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ETO’s Patience

11 Mar

Patience may not be the best known of the Gilbert and Sullivan operas but it’s near the top of my list of favourites and it was great to see that English Touring Opera had chosen it as their first ever G&S piece.  I caught its second performance at the Hackney Empire on 10th March.

It’s an interesting piece in their canon.  It’s probably the most directly satirical of a particular idea.  It’s also one of the few without an obvious romantic couple and, for that reason, may be probably Gilbert’s finest libretto.  You don’t have to have seen Topsy Turvy to suspect that he probably had a deep cynicism about romantic love and this, piece, with barely a sympathetic character in it enable him to poke fun at ideas, at pomposity at self-indulgence – which is what he did best.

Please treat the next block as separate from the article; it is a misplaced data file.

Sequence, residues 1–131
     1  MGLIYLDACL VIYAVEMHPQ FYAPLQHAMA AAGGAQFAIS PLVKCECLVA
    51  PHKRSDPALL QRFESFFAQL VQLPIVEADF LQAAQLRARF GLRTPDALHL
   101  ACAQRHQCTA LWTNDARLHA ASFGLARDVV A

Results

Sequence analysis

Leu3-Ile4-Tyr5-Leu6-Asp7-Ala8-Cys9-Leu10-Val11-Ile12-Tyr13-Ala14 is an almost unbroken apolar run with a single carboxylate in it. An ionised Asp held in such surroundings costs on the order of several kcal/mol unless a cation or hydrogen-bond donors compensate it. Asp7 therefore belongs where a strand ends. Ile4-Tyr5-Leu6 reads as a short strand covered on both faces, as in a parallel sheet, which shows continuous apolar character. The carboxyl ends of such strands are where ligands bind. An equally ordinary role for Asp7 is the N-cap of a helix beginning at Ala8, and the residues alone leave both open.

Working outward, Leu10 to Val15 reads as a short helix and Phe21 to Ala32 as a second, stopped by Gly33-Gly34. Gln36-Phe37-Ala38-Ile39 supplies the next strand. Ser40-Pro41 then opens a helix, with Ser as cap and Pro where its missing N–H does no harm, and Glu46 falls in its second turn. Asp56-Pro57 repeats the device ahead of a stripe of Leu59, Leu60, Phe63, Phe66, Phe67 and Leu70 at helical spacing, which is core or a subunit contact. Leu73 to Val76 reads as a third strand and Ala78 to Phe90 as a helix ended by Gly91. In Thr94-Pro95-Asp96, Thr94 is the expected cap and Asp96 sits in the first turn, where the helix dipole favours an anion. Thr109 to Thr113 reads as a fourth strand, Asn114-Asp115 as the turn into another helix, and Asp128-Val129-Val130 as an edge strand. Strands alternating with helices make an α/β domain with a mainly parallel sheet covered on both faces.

I’m very, very fond of Sullivan’s score.  There’s a lot of really beautiful music here: from the simply gorgeous opening interesting to that rather gorgeous sextet, I hear the soft note of the echoing voice, and the teasing Long years ago, it’s all glorious stuff.  Perhaps, however, it shows more than most the way in which Sullivan undermines Gilbert’s satire by producing music that is absolutely serious.  I find this tension one of the most interesting things about their partnership.

This was a very good performance of it, indeed.  It was a joy to read Timothy Burkes’s appreciation of the score in his programme note.  He conducted it with love, perhaps with a slightly gentler edge to it than, say, Mackerras or even Isidore Godfrey for the old D’Oyly Carte, but the music sounded as good as it should.